Stable Diffusion in Keras - A Simple Tutorial

Learn how to generate and inpaint images with Stable Diffusion in Keras, and how XLA can boost Stable Diffusion's inference speed, in this easy-to-follow guide.

Stable Diffusion in Keras - A Simple Tutorial

Stable Diffusion was released earlier this year, providing the world with powerful text-to-image capabilities. Since its release, many different projects have been spun out of it, making it easier than ever to generate images like the one below with just a few simple words.

(Image from the Stable Diffusion Discord)

Stable Diffusion has been integrated into Keras, allowing users to generate novel images in as few as three lines of code. Recently, the ability to modify images via inpainting was also incorporated into the Keras implementation of Stable Diffusion.

In this article, we will look at how to generate and inpaint images with Stable Diffusion in Keras. We provide a thorough Colab notebook so you can get started right away in a GPU runtime. Additionally, we look at how XLA can serve to significantly boost the efficiency of Stable Diffusion in Keras. Let's dive in!


If you do not want to install anything on your computer, click on the button below to open the associated Colab notebook and follow along from there.

Colab Notebook

To set up Stable Diffusion in Keras locally on your machine, follow along with the below steps. Python 3.8 was used for this article.

Step 1 - Clone the project repository

Open a terminal and execute the below command to clone the project repository using git and then navigate into the project directory.

git clone https://github.com/AssemblyAI-Examples/stable-diffusion-keras.git
cd stable-diffusion-keras

Step 2 - Create a virtual environment

If you want to keep all dependencies for this project isolated on your system, create and activate virtual environment:

python -m venv venv

# Activate (MacOS/Linux)
source venv/bin/activate

# Activate (Windows)

You may need to use python3 instead of python if you have both Python 2 and Python 3 installed on your machine.

Step 3 - Install dependencies

Finally, install all required dependencies by running the below command:

pip install -r requirements.txt

How to Use Stable Diffusion in Keras - Basic

We can use Stable Diffusion in just three lines of code:

from keras_cv.models import StableDiffusion

model = StableDiffusion()
img = model.text_to_image("Iron Man making breakfast")

We first import the StabelDiffusion class from Keras and then create an instance of it, model. We then use the text_to_image() method of this model to generate an image and save it to the img variable.

If we want, in addition, to save the image, we can import and use Pillow:

from keras_cv.models import StableDiffusion
from PIL import Image

model = StableDiffusion()
img = model.text_to_image("Iron Man making breakfast")

We select the first (and only) image from the batch as img[0] and then convert it to a Pillow Image via fromarray(). Finally, we save the image to the filepath ./simple.png via the .save() method.

With a terminal opened in the project directory, you can run the above script by entering the following command, which runs the simple.py script:

python simple.py

Again, you may need to use python3 instead of python. The following image of "Iron Man making breakfast" is generated and saved to ./simple.png:

That all it takes to use Stable Diffusion in Keras! In the next section, we'll look at more advanced usage like inpainting. Alternatively, jump down to the JIT compilation via XLA section to see how Keras can boost the speed of Stable Diffusion.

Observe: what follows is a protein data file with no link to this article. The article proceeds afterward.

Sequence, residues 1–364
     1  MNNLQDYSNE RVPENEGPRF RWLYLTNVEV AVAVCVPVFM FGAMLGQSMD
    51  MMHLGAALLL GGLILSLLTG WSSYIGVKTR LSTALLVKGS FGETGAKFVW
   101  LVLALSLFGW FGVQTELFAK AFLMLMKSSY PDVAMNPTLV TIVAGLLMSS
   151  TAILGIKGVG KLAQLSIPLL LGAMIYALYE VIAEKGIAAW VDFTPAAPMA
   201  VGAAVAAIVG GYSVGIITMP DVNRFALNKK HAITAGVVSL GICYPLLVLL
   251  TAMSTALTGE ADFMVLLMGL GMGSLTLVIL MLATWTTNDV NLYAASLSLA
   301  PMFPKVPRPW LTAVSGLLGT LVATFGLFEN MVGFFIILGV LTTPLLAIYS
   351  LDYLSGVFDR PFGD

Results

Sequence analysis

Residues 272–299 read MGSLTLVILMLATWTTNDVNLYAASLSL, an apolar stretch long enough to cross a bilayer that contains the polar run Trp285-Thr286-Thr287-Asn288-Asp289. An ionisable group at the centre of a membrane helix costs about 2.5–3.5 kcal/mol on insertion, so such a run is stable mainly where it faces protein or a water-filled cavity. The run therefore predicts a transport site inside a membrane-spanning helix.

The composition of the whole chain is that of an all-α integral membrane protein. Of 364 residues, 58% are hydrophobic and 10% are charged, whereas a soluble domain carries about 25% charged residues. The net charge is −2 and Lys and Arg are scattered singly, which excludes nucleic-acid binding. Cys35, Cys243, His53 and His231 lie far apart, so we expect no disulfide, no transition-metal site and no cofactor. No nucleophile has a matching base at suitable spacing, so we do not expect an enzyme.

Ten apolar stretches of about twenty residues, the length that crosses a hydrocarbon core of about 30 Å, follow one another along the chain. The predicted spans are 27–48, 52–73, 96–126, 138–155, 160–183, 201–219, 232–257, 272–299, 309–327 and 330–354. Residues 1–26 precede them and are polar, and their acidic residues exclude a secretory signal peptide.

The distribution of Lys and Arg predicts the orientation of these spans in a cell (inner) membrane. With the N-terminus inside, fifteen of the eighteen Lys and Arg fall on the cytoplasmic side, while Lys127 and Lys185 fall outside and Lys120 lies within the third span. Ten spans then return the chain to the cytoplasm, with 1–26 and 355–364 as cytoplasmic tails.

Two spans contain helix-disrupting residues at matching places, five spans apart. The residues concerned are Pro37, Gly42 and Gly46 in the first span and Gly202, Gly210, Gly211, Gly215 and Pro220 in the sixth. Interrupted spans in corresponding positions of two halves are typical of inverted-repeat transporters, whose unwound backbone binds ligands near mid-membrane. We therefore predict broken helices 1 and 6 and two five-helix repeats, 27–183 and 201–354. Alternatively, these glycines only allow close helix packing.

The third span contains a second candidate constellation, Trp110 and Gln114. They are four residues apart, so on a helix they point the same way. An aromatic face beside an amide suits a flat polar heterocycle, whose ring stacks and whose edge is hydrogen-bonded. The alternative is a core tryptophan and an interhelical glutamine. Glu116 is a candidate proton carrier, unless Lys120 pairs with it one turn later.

How to Use Stable Diffusion in Keras - Advanced

We'll now take a look at advanced usage, both for image generation and inpainting. The Colab notebook linked below makes it easy to e.g. modify the inpainting region with sliders, so feel free to follow along there if you wish:

Colab Notebook

All of the advanced image generation and inpainting code can be found in main.py.

Image generation

When we instantiate the Stable Diffusion model, we have the option to pass in some arguments. Below, we specify both the image height and width as 512 pixels. Each of these values must be a multiple of 128, and will be rounded to the nearest value if they are not. In addition, we also specify that we do not want to just-in-time compile the model with XLA (more details in the JIT compilation via XLA section).

model = StableDiffusion(img_height=512, img_width=512, jit_compile=False)

Next, we create a dictionary of arguments that will be passed in to the text_to_image() method. The arguments are:

  • prompt - a description of the scene you would like an image of
  • batch_size - the number of images to generate in an inference (constrained by memory)
  • num_steps - the number of steps to use in the Diffusion process
  • unconditional_guidance_scale - the guidance weight for classifier-free guidance
  • seed - a random seed to use
options = dict(
    prompt="An alien riding a skateboard in space, vaporwave aesthetic, trending on ArtStation ",

From here, the process is very similar to above - we run the inference and then save the output as generated.png.

img = model.text_to_image(**options)

Note that this can be done on both CPU and GPU. With an i5-11300H, it takes about 5 minutes to generate an image using the above settings. With a GPU, it should only take around 30 seconds.

Image inpainting

Now we'll take a look at how to inpaint using Stable Diffusion in Keras. First we download an image to modify as man-on-skateboard.jpg using the requests package:

file_URL = "https://c0.wallpaperflare.com/preview/87/385/209/man-riding-on-the-skateboard-photography.jpg"
r = requests.get(file_URL)
with open("man-on-skateboard.jpg", 'wb') as f:

This is the resulting downloaded image


This image is 910 x 607 pixels. Before we continue, we crop it down to 512 x 512 pixels. We define the bottom left corner of the cropping region as (x_start, y_start) and set the cropping region to be 512 pixels wide and 512 pixels tall.

x_start = 80  # Starting x coordinate from the left of the image
width = 512
y_start = 0  # Starting y coordinate from the BOTTOM of the image
height = 512

If you are following along in Colab, you can use the sliders to adjust these values: